On about thirty minutes, the referee decided to award a penalty to the Peacocks. The decision was marginal, but the referee was certain if nobody else was. Fortunately, Dale looked composed on the line and the Peacock penalty-taker tried to be too precise, with the result that the ball shaved the outside of the post.

There was more end-to-end action to round out the first half but no goals. Both teams went in at half-time knowing that the match could be anybody’s. Dan Calvert addressed the need to get the ball wide quicker, but otherwise commended the team’s efforts and decided on an unchanged eleven to start the second half.

The Peacocks had the kick-off and began the second half with an impudent attempt to beat Dale from the half-way line, straight off. Dale was having none of it, of course. In spite of the heat and pace, both teams kept up a good tempo for the first ten minutes of the second half. With both teams sitting deep when defending, though, it was beginning to look like stalemate.

Trying to inject some fresh legs, Dan had the difficult job of taking off first-rate performers. Dan decided on a series of direct (position for position) substitutions. Firstly, Luis Mayorga came on for Oumar Senoussi. Next, Brian Fitzpatrick filled in for Omar Malcolm. And finally, ‘Dapper’ Danny Wilkinson and Dan Calvert replaced Matt Wharton and Neao King in a double substitution.

The fresh players undoubtedly caused problems for the Peacocks. Luis was nimble and quick, always dangerous, and Fitzpatrick was notably influential in the way he linked up the play. ‘Dapper’ was equally strong in defence and coming forward; his delivery and crossing was first-rate. Not to be outdone, Dan Calvert was a solid focal point in attack.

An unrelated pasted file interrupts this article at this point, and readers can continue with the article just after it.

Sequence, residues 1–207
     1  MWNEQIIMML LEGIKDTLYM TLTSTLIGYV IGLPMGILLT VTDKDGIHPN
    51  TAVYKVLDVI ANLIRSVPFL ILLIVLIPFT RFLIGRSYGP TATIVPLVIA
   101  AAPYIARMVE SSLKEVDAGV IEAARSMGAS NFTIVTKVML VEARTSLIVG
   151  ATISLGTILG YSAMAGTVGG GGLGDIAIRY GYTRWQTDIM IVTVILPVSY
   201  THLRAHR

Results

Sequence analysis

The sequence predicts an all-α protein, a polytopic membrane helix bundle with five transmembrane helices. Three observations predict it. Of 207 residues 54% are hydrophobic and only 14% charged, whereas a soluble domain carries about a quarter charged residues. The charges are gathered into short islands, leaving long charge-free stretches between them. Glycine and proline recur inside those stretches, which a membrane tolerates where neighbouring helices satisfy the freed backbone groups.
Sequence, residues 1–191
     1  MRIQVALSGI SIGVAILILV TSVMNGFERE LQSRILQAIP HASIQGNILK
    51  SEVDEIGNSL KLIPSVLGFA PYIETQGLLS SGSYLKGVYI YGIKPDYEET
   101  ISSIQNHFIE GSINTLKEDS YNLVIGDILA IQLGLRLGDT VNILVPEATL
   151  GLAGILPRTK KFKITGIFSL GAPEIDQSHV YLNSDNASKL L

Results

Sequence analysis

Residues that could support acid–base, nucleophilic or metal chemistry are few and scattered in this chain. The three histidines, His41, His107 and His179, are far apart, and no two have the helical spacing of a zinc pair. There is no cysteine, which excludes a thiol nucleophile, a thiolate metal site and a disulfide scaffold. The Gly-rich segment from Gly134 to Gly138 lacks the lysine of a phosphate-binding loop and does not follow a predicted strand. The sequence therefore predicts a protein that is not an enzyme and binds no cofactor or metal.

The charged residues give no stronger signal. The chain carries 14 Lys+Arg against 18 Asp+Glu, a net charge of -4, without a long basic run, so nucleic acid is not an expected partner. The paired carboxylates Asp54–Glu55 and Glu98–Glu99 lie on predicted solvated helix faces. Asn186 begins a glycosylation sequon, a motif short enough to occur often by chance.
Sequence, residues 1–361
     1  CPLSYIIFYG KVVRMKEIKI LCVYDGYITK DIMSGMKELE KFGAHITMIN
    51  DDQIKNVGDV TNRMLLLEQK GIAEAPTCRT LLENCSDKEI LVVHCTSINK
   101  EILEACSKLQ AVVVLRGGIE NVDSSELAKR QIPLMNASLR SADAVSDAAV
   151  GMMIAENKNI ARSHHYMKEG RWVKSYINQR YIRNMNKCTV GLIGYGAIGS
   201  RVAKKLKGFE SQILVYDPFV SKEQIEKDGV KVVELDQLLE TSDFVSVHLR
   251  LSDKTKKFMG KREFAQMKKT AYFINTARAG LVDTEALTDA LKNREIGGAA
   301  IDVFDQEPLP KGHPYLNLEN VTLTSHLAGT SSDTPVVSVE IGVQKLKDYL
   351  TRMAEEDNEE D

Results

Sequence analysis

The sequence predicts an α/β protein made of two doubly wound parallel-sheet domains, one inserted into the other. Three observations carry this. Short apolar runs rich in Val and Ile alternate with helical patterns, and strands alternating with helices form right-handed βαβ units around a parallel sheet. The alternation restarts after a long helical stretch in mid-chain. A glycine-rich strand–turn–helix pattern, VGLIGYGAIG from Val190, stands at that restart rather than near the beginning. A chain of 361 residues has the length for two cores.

Alex Ramirez likes to put the cat amongst the pigeons when the opposition tries to play the ball out of defence, and his pressure finally told on the Peacocks when he anticipated and tackled. Wilkinson on the right crossed from deep and caused problems for the Peacocks but they seemed to have regained composure, but Ramirez’s challenge sent the ball loose and into the path of Fitzpatrick approaching from the left, who sent a delightful side-footed chip over the stranded keeper into the far corner of the net. 1-0!

There were now about twenty-five minutes left. In the next fifteen or so minutes, City weathered the storm but hung on. The Peacocks threatened to strike back, including one player who went on a mazy run beating a host of City players, but the City defenders prevented him from getting a clean strike at goal. City worked hard to contain the Peacocks’ attacks, and in the last ten minutes had the satisfaction of seeing the Peacocks noticeably tire. The game was won on a knife-edge. City was perhaps lucky as nobody could have grudged the Peacocks a draw, but… the Peacocks will be hungry for the return fixture.

Taipei City FC 1 – 0 Peacocks

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City Tames Lions

Time: 10am, February 12th, 2012

Venue:BaiLing Bridge Riverside Park

By Michael Christie